1926 Vitamin B 1 ( thiamine ) Rice bran
1929 Vitamin K ( phylloquinone ) alfalfa
1931 Vitamin B 5 ( pantothenic acid ) liver
1931 Vitamin B 7 ( biotin ) liver
1931 Vitamin C ( ascorbic acid ) lemon
1934 Vitamin B 6 ( pyridoxine ) Rice bran
1936 Vitamin B 3 ( niacin ) liver
1941 Vitamin B 9 ( folic acid ) liver

That some diseases can be cured by certain foods was already known in the 16th century, when this fact was recognized for scurvy . In 1881, the Russian doctor and chemist Nikolai Lunin fed mice with an artificial mixture of the separated components of milk known at the time, namely proteins, fats, carbohydrates and salts. They died and Lunin concluded "that natural food like milk must therefore contain small amounts of vital substances in addition to the previously known components".

After reading an article by the Dutch doctor Christiaan Eijkman , the Polish biochemist Casimir Funk worked intensively in 1911 on isolating the active ingredient against the vitamin deficiency disease Beri-Beri , a hitherto inexplicable new disease that appeared in Japan and Java. In a military hospital in Batavia , Eijkman had observed that in addition to patients and staff, the chickens in the hospital courtyard were also showing symptoms of the Beri-Beri disease (in German: sheep walk). The chickens were fed the same white, husked rice that the patients and staff were given. Beri-Beri went hand in hand with paralysis and loss of strength. This disease did not appear until after European rice husking machines were introduced in these countries. A deficiency disease was suspected. The Japanese doctor Takaki Kanehiro was able to cure the disease by adding the removed rice bran to the rice. Casimir Funk isolated a substance from rice bran that he hoped would have a healing effect on the deficiency disease. This substance, which Funk erroneously called beriberi vitamin in 1912, derived from vita ( life ) and amine , was neither an amine nor was it effective against beriberi. While searching for the anti-beriberi factor, vitamin B 1 or thiamine , he isolated nicotinic acid , vitamin B 3 . The latter is useless against beriberi, but has shown effects in treating pellagra .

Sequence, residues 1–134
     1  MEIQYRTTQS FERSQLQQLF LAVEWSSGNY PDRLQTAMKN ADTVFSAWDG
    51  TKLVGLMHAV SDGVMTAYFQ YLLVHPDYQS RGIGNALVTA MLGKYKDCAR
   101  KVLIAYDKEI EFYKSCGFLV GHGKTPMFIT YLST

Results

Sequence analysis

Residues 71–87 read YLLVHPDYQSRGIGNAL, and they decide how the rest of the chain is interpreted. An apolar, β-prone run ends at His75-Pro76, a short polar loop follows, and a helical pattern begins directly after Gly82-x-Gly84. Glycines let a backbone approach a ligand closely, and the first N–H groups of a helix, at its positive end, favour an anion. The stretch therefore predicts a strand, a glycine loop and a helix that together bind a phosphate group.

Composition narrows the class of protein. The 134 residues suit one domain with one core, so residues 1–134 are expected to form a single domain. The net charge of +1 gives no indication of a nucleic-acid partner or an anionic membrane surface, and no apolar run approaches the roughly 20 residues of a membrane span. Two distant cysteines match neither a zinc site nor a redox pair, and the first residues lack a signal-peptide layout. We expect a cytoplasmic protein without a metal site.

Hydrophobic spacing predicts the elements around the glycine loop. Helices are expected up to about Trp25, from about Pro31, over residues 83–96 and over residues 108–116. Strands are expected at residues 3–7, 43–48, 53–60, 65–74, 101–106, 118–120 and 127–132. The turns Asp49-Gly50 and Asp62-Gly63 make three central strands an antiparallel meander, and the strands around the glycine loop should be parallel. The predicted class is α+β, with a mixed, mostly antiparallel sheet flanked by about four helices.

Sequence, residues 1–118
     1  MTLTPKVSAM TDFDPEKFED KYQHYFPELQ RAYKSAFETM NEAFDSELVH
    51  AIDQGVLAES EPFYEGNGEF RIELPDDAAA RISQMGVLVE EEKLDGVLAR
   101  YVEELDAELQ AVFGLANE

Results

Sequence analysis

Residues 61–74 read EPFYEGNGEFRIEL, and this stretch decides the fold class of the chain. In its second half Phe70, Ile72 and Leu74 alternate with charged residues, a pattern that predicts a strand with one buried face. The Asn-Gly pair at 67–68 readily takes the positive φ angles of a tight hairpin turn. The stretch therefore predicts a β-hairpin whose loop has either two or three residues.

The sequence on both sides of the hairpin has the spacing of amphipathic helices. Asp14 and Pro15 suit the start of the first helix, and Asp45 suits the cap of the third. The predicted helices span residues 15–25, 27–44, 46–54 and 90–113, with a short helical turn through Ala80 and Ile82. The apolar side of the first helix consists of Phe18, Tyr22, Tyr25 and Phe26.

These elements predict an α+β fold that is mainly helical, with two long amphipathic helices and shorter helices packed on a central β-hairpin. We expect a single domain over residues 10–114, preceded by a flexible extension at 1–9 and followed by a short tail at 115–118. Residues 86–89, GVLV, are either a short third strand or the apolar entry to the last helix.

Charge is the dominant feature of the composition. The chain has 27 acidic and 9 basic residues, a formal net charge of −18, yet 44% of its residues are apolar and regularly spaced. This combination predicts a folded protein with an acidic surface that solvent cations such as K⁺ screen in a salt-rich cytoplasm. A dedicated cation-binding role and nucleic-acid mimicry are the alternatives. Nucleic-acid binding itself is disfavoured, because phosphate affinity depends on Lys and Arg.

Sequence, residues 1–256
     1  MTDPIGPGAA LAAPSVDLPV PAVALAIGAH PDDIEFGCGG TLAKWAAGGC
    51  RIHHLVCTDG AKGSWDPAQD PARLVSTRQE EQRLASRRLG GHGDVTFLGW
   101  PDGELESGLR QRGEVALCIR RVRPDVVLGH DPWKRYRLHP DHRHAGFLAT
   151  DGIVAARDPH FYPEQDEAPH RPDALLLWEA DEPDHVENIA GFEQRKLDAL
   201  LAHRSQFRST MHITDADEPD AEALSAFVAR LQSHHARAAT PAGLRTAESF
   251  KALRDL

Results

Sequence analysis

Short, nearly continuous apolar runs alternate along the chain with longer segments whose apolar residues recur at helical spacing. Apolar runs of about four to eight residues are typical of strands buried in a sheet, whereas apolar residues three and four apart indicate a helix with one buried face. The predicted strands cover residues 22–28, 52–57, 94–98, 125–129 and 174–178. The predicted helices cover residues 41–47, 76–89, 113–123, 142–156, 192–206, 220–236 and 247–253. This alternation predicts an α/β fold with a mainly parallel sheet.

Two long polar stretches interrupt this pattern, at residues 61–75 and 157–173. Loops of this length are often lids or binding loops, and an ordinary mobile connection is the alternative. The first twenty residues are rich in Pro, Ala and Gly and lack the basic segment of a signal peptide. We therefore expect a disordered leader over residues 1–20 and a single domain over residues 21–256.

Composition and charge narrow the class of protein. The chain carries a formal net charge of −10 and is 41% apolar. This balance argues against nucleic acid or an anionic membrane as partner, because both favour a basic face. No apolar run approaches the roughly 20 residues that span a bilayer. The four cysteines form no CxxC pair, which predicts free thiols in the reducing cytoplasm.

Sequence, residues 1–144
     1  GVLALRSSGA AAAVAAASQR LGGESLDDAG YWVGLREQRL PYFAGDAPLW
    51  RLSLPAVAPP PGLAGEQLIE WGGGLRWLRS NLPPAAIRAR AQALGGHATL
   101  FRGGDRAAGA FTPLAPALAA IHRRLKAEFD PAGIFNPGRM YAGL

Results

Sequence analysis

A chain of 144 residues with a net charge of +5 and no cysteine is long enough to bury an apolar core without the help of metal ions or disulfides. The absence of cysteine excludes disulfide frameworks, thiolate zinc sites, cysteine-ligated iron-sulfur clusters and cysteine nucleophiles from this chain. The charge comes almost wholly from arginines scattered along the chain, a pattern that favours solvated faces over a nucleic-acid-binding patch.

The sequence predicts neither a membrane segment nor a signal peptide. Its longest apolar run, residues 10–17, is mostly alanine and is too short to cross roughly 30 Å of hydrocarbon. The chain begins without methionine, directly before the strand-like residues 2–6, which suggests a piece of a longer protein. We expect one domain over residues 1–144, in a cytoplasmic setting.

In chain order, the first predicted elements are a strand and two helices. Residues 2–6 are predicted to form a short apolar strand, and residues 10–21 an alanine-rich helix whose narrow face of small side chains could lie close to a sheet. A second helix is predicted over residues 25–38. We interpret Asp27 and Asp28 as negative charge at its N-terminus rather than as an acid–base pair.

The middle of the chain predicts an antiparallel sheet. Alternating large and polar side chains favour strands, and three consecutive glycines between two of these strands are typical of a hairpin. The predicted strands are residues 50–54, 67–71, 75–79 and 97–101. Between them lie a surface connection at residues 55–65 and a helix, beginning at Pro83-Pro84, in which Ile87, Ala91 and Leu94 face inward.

The designation also turned out to be literally wrong for other vitamins, since many vitamins do not have any amino groups. In 1926, after nine years of work, the Dutch chemists Barend CP Jansen and Willem F. Donath isolated vitamin B 1 (thiamine) in crystalline form from rice bran. In 1932, Windaus determined the elementary composition. In 1936, the structure of vitamin B 1 was elucidated at about the same time by Adolf Windaus , Richard Kuhn , Robert R. Williams and Rudolf Grewe . The synthesis was carried out in 1936 by Robert R. Williams and in 1937 by Hans Andersag and Kurt Westphal (1936).

Between 1920 and 1980 the 13 vitamins known to man today were presented in pure form for the first time. Chemical synthesis routes have also been developed for these vitamins.